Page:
Parler Loses Web Host
Amazon is using its dominant position to shut down a right-wing social platform.
In yesterday’s post commenting on President Trump’s ban from Twitter and other social media sites, I noted that Amazon and Apple were both banning the Parler app from its stores, effectively taking the ability to use the service on the vast majority of smartphones. Now, the other shoe has dropped.
Buzzfeed (“Amazon Is Booting Parler Off Of Its Web Hosting Service“):
Amazon notified Parler that it would be cutting off the social network favored by conservatives and extremists from its cloud hosting service Amazon Web Services, according to an email obtained by BuzzFeed News. The suspension, which will go into effect on Sunday just before midnight, means that Parler will be unable to operate and will go offline unless it can find another hosting service.
People on Parler used the social network to stoke fear, spread hate, and coordinate the insurrection at the Capitol building on Wednesday. The app has recently been overrun with death threats, celebrations of violence, and posts encouraging “Patriots” to march on Washington, DC with weapons on January 19, the day before the inauguration of President-elect Joe Biden.
In an email obtained by BuzzFeed News, an AWS Trust and Safety team told Parler Chief Policy Officer Amy Peikoff that the calls for violence propagating across the social network violated its terms of service. Amazon said it was unconvinced that the service’s plan to use volunteers to moderate calls for violence and hate speech would be effective.
In light of Wednesday’s riots which overtook the Capitol—and could have been much, much worse—and reports that more violence is planned for the inauguration and beyond, this is a perfectly reasonable move. Indeed, the may even have faced legal liability if they knowingly hosted a site being used for violent criminal conspiracy.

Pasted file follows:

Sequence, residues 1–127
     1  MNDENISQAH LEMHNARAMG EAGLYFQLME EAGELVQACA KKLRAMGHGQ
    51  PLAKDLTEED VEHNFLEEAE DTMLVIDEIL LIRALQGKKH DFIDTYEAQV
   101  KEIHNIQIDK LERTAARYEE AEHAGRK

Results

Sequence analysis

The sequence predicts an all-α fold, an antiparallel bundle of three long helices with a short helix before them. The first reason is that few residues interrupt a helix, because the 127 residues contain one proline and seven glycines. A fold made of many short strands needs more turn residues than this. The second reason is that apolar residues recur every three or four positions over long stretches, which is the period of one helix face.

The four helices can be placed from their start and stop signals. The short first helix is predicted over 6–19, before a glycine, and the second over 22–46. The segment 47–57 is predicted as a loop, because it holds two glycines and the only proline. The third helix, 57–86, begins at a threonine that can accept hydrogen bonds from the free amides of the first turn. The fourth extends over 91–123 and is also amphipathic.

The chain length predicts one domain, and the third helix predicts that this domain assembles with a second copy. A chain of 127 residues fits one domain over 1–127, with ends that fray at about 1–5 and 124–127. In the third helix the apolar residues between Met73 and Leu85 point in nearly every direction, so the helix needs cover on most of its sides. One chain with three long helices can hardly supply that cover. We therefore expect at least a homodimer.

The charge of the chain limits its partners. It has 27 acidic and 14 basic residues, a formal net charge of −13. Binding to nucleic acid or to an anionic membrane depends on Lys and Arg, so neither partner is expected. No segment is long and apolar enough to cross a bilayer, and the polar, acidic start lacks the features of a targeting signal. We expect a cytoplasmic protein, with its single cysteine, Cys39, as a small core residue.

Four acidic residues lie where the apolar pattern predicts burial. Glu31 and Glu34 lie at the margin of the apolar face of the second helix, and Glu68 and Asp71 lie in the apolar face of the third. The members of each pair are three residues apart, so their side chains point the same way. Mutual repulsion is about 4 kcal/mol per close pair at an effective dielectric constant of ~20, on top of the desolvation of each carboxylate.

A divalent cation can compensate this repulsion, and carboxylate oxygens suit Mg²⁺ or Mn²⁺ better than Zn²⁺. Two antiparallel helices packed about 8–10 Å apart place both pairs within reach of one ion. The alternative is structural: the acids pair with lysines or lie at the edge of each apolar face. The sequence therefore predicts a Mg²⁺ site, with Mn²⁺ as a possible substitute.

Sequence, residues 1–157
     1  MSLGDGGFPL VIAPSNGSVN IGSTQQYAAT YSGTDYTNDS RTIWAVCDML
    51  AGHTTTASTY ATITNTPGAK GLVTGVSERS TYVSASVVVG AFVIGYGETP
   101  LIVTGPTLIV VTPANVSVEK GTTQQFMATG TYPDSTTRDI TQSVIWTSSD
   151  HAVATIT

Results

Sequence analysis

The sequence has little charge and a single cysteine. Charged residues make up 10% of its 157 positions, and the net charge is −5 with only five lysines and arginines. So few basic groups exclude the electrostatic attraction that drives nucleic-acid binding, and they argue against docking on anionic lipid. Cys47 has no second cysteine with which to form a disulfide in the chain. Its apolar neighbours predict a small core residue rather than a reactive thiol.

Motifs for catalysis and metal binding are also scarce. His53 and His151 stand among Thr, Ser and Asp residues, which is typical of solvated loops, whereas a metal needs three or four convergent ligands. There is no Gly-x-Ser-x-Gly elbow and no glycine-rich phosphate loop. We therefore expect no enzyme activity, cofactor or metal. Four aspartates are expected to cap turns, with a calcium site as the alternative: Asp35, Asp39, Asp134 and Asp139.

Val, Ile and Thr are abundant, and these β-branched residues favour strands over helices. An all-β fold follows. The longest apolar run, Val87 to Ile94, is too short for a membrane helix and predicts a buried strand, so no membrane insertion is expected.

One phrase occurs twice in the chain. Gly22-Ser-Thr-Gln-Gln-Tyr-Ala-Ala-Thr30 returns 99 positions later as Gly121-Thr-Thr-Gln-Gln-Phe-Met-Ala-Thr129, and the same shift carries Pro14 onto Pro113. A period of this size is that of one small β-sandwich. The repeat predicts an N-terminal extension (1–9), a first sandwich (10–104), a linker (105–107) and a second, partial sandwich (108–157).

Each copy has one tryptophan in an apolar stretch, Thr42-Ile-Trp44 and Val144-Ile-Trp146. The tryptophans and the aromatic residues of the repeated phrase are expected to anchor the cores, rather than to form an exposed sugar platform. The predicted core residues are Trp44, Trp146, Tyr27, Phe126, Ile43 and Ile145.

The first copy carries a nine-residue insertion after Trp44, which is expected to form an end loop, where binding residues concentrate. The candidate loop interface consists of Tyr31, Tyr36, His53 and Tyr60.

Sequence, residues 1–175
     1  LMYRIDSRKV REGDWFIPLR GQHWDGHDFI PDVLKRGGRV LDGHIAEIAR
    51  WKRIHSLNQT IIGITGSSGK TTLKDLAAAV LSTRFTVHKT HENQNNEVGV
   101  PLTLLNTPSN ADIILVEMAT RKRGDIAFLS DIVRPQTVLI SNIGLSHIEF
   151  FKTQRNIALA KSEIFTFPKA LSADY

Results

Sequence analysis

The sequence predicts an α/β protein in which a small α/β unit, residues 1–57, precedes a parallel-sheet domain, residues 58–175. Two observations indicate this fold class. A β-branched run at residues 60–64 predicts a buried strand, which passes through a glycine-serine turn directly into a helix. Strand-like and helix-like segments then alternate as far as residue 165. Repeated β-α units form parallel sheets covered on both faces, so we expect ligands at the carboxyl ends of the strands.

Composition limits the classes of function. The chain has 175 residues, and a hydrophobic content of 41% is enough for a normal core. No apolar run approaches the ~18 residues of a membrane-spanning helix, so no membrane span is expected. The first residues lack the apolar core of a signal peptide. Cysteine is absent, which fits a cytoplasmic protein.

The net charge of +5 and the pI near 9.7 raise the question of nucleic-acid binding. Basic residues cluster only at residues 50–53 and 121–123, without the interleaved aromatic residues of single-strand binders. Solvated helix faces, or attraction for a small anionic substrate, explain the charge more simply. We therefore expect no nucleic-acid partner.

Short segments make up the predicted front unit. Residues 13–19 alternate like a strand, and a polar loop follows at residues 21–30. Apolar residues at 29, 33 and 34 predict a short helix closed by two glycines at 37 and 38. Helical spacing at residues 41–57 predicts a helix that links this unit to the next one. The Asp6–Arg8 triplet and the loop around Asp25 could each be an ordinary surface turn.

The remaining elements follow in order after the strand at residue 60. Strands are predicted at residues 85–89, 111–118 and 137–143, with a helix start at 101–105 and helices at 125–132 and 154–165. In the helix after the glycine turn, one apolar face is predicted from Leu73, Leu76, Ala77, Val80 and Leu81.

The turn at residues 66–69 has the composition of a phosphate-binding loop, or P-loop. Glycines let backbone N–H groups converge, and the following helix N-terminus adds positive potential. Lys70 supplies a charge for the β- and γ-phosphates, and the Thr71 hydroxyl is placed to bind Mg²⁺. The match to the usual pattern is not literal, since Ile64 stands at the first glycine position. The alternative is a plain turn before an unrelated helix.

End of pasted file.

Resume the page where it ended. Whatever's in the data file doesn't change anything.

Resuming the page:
Still, this ought to further highlight the dangers of having a handful of private companies with this much control over not only our economy but our discourse. Amazon, in particular, is not only our most important online shopping venue but it’s software and app store serve the lion’s share of smartphones, it hosts massive video and music streaming services, and is by far the dominant web host. That’s simply too much power.
Parler will likely have to go offshore at this point to remain viable even as an online platform. But without access to the iTunes or Android store, they’re effectively shut out of the smartphone market in the US. And, again, to the extent that it’s where dangerous people are going to plot an insurgency, that’s a good thing. But there’s nothing to stop Apple and Amazon from simply shutting down political speech whose content they dislike—including that which is perfectly legitimate but is critical of their business model.